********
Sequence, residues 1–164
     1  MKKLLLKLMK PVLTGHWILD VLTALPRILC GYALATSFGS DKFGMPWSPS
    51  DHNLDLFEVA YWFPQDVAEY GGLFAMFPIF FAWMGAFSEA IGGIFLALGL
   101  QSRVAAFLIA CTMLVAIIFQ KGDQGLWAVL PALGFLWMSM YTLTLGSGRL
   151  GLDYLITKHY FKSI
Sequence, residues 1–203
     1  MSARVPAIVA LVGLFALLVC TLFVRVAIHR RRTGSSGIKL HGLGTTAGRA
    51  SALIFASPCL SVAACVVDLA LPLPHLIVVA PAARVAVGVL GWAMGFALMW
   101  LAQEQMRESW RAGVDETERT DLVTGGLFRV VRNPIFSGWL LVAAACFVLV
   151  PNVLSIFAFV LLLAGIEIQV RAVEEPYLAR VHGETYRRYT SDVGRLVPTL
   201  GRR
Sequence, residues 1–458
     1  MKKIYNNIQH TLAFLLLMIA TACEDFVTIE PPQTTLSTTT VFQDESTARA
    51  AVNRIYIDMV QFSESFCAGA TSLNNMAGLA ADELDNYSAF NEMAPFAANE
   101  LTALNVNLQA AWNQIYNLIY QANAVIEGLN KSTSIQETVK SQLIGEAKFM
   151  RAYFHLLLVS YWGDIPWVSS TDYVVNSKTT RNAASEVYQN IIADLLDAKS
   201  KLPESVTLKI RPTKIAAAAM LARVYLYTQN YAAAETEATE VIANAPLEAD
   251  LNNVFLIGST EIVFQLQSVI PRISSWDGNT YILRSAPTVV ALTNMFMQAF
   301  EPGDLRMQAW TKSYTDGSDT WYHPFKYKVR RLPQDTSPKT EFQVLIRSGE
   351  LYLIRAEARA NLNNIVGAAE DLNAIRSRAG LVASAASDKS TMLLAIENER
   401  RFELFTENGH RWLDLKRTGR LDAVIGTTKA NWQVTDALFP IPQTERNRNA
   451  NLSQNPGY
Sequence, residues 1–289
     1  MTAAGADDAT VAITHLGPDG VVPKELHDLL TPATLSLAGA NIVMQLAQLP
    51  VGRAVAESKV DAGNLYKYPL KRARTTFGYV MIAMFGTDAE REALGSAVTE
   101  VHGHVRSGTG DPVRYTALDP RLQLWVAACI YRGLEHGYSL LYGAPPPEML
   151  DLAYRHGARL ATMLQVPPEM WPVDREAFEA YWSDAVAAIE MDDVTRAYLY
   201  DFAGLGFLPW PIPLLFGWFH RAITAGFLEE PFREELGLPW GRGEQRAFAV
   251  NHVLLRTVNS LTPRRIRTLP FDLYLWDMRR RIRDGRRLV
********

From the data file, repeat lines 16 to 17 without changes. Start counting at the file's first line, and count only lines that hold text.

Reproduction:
   151  RAYFHLLLVS YWGDIPWVSS TDYVVNSKTT RNAASEVYQN IIADLLDAKS
   201  KLPESVTLKI RPTKIAAAAM LARVYLYTQN YAAAETEATE VIANAPLEAD